(d) Is the alleged independent contractor assigned to a particular territory without freedom of movement outside thereof?

      (e) Does the alleged independent contractor have an independent economic or other interest in his work, other than increasing his own pay?

      (f) How do the respective tax returns of the parties list the remuneration paid?

      (g) If the possible employer has control over the manner in which the work is to be performed, the absence of any or all of the factors will not indicate an absence of the employee-employer relation. However, where the element of control cannot be firmly established, they will help in determining whether the relation is one of employer and employee or of independent contractor.

      (5) The following factors are immaterial to the determination of whether the relation is one of employer-employee or of independent contractors:

      (a) The state or local government grants a license to the alleged independent contractor;

      (b) The measurement, method, or designation of compensation;

      (c) The fact that no compensation is paid and the alleged independent contractor must rely entirely on tips;

      (d) The place where the work is performed; and

      (e) The absence of a formal employment agreement.

      (6)(a) An employment relation may exist between the parties to a transaction which is nominally a sale. Thus, house-to-house canvassers who sell at retail the products of a particular company are employees of the company, although their contracts with the company are in the form of dealer contracts under which the company purports to sell its products to them at fixed wholesale prices and to recommend retail prices at which the products should be sold where the control exercised by the company over the so-called dealers is not substantially different than that exercised by an employer over his outside salesman.

      (b) Likewise, an employee is not converted into an independent contractor by virtue of a fictitious sale of the goods produced by him to an employer, so long as the other indications of the employment relation exist. Homeworkers who sell their products to a manufacturer are his employees where the control exercised by him over the homeworkers through his ability to reject or refuse to buy the product is not essentially different from the control ordinarily exercised by a manufacturer over employees performing work for him at home on a piece rate basis.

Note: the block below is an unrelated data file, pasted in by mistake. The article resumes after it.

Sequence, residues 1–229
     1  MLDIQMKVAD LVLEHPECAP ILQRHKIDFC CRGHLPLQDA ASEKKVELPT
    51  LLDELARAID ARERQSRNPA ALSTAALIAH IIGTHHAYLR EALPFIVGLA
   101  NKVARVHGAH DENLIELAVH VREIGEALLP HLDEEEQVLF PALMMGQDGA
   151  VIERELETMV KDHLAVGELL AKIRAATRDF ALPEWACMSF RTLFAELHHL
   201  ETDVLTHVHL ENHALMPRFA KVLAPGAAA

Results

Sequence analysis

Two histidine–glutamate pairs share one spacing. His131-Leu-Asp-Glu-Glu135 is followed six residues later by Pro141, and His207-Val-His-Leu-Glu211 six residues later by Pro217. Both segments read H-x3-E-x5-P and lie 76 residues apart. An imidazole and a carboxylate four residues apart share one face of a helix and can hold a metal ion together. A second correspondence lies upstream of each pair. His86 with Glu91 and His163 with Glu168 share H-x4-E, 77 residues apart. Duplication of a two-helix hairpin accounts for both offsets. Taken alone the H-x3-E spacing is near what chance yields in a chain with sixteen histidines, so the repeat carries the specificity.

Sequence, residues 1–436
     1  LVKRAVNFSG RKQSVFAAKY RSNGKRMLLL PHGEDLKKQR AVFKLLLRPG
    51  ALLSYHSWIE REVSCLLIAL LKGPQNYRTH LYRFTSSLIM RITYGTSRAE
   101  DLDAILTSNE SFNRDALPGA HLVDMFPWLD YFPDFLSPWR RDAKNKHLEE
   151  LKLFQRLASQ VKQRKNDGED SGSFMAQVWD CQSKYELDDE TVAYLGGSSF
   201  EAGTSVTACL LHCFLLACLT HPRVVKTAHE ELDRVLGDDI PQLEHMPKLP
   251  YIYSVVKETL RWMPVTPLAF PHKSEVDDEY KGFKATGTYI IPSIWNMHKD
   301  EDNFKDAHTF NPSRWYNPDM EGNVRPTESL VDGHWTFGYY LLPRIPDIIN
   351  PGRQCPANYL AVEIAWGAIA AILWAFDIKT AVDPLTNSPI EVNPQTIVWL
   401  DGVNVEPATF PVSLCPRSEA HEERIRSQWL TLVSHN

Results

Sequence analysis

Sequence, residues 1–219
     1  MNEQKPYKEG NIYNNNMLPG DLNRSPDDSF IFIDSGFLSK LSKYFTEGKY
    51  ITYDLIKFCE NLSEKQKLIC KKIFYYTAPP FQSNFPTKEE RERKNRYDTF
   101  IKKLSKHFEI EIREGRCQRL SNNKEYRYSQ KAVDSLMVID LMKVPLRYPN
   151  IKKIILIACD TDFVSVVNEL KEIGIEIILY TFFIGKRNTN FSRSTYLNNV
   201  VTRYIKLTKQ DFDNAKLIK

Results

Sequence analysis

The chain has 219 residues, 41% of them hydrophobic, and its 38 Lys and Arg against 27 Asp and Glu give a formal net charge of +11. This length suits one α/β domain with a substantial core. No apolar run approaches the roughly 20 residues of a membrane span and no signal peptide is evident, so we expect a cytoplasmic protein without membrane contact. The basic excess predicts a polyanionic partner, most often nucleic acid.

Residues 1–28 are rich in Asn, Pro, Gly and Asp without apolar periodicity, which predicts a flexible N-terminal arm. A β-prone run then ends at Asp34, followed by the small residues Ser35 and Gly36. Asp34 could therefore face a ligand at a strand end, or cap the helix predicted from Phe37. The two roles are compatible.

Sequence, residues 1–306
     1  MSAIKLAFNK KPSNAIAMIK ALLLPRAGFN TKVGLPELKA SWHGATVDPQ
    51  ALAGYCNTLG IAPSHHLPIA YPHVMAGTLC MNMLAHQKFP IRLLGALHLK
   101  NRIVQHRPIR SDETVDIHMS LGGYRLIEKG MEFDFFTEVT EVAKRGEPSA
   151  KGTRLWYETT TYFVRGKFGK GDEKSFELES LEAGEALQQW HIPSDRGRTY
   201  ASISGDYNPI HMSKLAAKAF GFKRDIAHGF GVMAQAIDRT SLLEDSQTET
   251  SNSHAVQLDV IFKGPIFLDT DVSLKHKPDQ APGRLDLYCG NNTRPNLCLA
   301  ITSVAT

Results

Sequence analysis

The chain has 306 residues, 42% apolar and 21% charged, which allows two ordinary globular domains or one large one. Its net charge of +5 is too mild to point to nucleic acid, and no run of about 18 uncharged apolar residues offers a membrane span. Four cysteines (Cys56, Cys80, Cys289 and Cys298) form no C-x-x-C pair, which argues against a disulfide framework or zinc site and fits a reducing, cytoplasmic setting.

(7) The subject matter of the employment relation must be work or its equivalent. The essential elements of work are:

      (a) Physical or mental exertion (whether burdensome or not);

      (b) Controlled or required by the employer; and

      (c) Pursued necessarily and primarily for the benefit of the employer and his business.

      (d) Once it is determined that one who is reputedly an independent contractor, lessee, partner, or the like, is in fact an employee, then all the employees of the so-called independent contractor engaged in the work for the principal employer likewise become the employees of the principal employer, who must guarantee compliance with KRS Chapter 337. Thus, the one who is responsible will be charged with seeing to compliance with KRS Chapter 337 and must keep the records of the employees.

 

      Section 5. Trainees and Student-trainees. (1) The Supreme Court has held that the words "to suffer or permit to work, to define employ, do not make all persons employees who, without any express or implied compensation agreement, may work for their own advantage on the premises of another."

      (2) Whether trainees or students are employees of an employer under KRS Chapter 337 will depend upon all of the circumstances surrounding their activities on the premises of the employer. If all six (6) of the following criteria apply, the trainees or students are not employees within the meaning of KRS Chapter 337:

      (a) The training, even though it includes actual operation of the facilities of the employer, is similar to that which would be given in a vocational school;

      (b) The training is for the benefit of the trainees or students;

      (c) The trainees or students do not displace regular employees, but work under their close observation;

      (d) The employer that provides the training derives no immediate advantage from the activities of the trainees or students and on occasion his operations may actually be impeded;

      (e) The trainees or students are not necessarily entitled to a job at the conclusion of the training period; and

      (f) The employer and the trainees or students understand that the trainees or students are not entitled to wages for the time spent in training. (1 Ky.R. 249; eff. 1-8-75; Am. 4 Ky.R. 572; 5 Ky.R. 104; eff. 8-2-78; 6 Ky.R. 690; 7 Ky.R. 296; eff. 9-3-80; TAm eff. 8-0-2007.)